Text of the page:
Agony in the Garden

WAG 1015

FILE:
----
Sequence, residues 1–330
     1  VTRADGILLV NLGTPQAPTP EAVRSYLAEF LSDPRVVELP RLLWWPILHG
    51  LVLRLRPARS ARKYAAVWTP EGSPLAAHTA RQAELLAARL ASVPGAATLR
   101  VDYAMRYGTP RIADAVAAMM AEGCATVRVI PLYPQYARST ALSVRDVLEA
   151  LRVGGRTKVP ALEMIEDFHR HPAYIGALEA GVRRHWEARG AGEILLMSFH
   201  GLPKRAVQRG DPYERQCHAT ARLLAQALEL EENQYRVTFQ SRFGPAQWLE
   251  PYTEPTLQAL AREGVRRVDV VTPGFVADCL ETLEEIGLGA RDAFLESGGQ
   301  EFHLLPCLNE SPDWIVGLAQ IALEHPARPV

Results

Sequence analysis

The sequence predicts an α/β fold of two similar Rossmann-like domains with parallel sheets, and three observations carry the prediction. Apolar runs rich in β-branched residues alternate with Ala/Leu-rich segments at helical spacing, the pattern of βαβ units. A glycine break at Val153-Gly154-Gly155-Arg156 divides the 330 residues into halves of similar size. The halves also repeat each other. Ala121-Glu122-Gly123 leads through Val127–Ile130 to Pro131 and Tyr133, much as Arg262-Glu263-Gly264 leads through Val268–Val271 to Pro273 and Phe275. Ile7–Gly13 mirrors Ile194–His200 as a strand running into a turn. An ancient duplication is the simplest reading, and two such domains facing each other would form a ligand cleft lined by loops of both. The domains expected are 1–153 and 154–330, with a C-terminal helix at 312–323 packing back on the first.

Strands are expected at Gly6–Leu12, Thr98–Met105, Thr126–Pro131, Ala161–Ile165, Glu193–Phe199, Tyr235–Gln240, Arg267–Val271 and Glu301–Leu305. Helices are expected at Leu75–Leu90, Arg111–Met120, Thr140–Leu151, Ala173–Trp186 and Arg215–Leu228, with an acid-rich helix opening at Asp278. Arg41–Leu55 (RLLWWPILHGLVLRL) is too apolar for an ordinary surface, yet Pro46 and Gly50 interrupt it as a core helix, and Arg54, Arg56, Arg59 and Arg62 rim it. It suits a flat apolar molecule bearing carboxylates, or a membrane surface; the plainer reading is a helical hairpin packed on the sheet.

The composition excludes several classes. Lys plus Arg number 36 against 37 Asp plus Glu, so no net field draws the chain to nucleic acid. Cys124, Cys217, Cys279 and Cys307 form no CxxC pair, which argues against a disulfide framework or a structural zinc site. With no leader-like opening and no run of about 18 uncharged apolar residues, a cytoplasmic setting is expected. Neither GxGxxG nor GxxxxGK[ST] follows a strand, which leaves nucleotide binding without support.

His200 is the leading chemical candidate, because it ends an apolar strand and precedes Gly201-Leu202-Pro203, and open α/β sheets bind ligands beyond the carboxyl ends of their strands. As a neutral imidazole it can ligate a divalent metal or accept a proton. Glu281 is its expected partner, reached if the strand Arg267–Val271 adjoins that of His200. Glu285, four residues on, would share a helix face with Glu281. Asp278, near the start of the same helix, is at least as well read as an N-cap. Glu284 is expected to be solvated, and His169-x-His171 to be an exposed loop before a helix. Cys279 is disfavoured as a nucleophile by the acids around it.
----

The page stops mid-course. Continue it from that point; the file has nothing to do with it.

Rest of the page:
Christ is shown praying in the Garden of Gethsemane on the Mount of Olives, just before his arrest. He prays to be spared the suffering that awaits him. Three disciples, too tired to pray with him, are sleeping nearby. The figures are copied directly from a print by the important engraver, Martin Schongauer. On the horizon, the cave at the foot of the bizarre rocks probably represents Christ’s tomb at Golgotha. The landscape is similar to those painted in the Antwerp workshops of Joachim Patinir (about 1480-1524) and his nephew Herri Met de Bles (about 1510-1550). They both used prints by Schongauer for their figures. William Roscoe owned twelve prints by Schongauer. One of them was of this subject, which may have encouraged Roscoe to buy the painting. The painting may be linked to the artist Patinir. He was among the first to specialise in painting landscapes. They were popular with collectors across Europe in his own lifetime. The strange rocks are similar to those found along the river Meuse, near where Patinir was born. Other Flemish artists whose names have been linked to this painting include Adrien Ysenbrandt (about 1500-1551) and Jan Matsys (1509-1575), who like Patinir worked in Antwerp, Belgium. This is one of the artworks presented by the Liverpool Royal Institution. Liverpool’s economic development grew directly from Britain’s involvement with transatlantic slavery: the kidnapping, enslavement and forced migration of people from West Africa to the Americas and many to the Caribbean. Many members of the Royal Institution made their fortunes directly through the trade or indirectly through the wider economy. This wealth was largely how they were able to bring rare art and treasures, such as this, to the city.